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Greta Thunberg Detained At German Village Menaced by Coal Mine

Above Photo: Police officers detain climate activist Greta Thunberg at a demonstration against the expansion of the Garzweiler coal mine near the village of Luetzerath on January 17, 2023 in Erkelenz, Germany. Hesham Elsherif / Getty Images.

Greta Thunberg was one of the climate activists detained Tuesday during the struggle to protect the German village of Lützerath from being swallowed by an expanding coal mine, the second time this week that the Swedish climate campaigner has been detained during the protests.

Images revealed Tuesday showed German police physically carrying Thunberg away from the edge of part of the mine, as DW reported. Police told Reuters that she was being held with other demonstrators who would all be released later in the day.

“Greta Thunberg was part of a group of activists who rushed towards the ledge. However, she was then stopped and carried by us with this group out of the immediate danger area to establish their identity,” a spokesperson for the police of Aachen, Germany, told Reuters.

Activists began camping out in Lützerath in 2020 to prevent it from becoming absorbed by the Garzweiler opencast lignite coal mine, which is owned by the energy company RWE. Pressure to expand the mine increased after Russia’s invasion of Ukraine spiked energy prices and reduced gas supplies to Europe, and the German government struck a deal with the company to allow it to mine in the village if it would spare five other villages and phase out coal power in the country’s west by 2030 instead of 2038. The village is already abandoned by its former residents. However, environmentalists are still trying to stop the mine expansion, arguing that any expansion of fossil fuel exploitation is a betrayal of Germany’s climate goals. Indeed, the International Energy Agency has said that no new fossil fuel development can take place if world leaders are to limit global warming to 1.5 degrees Celsius above pre-industrial levels.

The standoff escalated on Wednesday when police began actively clearing the village of protestors who had camped out in buildings, trees and underground tunnels. Images shared on social media showed police slipping in the mud while activists hampered their progress.

Other videos shared by activists and journalists showed police using batons, pepper spray and water cannons, as DW reported further. Police said that nine activists have been hospitalized, according to POLITICO. However, organizers said that around 100 had been injured, according to DW. Thunberg called the response “outrageous.” Police, meanwhile, said that demonstrators set fire to barricades and that at least 70 officers sustained injuries.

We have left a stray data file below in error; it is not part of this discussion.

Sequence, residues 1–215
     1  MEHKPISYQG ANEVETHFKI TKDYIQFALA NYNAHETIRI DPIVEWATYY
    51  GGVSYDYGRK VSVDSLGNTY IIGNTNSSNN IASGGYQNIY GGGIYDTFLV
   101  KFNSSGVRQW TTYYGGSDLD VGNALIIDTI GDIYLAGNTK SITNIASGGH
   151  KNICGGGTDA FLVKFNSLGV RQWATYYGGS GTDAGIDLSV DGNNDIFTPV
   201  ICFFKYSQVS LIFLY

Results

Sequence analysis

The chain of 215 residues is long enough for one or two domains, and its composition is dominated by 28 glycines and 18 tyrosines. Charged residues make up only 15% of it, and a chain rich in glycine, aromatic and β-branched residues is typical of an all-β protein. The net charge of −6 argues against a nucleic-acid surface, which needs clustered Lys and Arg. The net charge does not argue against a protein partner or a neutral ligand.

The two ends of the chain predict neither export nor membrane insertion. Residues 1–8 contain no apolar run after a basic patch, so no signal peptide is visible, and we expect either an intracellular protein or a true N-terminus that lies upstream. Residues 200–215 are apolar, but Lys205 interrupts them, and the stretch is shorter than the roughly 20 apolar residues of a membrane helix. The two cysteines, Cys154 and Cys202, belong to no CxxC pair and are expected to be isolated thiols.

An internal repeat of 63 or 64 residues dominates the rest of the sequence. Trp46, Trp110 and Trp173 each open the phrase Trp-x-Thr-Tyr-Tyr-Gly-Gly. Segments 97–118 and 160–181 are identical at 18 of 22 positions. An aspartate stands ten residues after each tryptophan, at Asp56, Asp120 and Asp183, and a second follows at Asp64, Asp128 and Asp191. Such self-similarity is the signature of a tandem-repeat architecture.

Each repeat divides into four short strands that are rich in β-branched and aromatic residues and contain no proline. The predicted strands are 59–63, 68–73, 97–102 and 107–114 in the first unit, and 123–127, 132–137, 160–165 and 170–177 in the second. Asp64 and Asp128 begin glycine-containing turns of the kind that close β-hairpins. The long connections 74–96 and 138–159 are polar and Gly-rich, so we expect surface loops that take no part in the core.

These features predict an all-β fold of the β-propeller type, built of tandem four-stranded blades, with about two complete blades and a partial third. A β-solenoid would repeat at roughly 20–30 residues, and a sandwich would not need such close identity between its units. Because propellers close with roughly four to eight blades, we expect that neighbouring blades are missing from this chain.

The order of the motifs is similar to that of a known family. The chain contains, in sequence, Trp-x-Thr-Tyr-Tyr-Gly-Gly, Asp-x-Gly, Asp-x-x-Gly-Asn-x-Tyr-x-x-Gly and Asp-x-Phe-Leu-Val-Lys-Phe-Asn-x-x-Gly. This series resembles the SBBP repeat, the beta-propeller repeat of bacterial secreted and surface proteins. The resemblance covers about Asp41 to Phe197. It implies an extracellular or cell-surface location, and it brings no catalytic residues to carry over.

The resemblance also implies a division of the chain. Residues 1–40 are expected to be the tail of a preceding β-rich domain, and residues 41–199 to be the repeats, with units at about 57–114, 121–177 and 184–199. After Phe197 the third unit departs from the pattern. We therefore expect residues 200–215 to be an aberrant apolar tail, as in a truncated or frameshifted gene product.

Thunberg arrived at the village on Friday and addressed protesters on Saturday, as DW and CNN reported.

“The carbon is still in the ground,” she addressed the crowd, as CNN reported. “And as long as the carbon is in the ground, this struggle is not over. We need to stop the current destruction of our planet and sacrificing people to benefit the short-term economic growth and corporate greed.”

Thunberg’s first brush with the police came Sunday, when she was physically removed from the site of the protest along with others after refusing to leave, as POLITICO reported.

The entire village of Lützerath was cleared by Monday, when the last two holdouts were removed, according to DW. However, activists then returned to the site for another demonstration on Tuesday, Thunberg among them.

Police spokesperson Christof Hüls told CNN that Thunberg was detained for a second time because she, along with other protestors, overran a barricade and approached the edge of a coal pit on ground that had been made unstable by rain.

“We knew who she was, but she did not get VIP treatment,” Hüls told CNN. “She did not resist.”

Three police officers carried her away from the pit, and one held her by the arm later, Reuters reported.

Tuesday’s demonstration at the site itself was not the only protest against the mine expansion. Activists also blocked a train track transporting coal and occupied the RWE-operated Inden coal mine.

“Even if you destroy Lützerath, we will fight on: until you stop burning coal, extracting fracking gas and building autobahns,” Charly Dietz, a spokeswoman for the group Ende Gelände–which organized the Inden occupation and means “an end to mined areas” –said, as DW reported.

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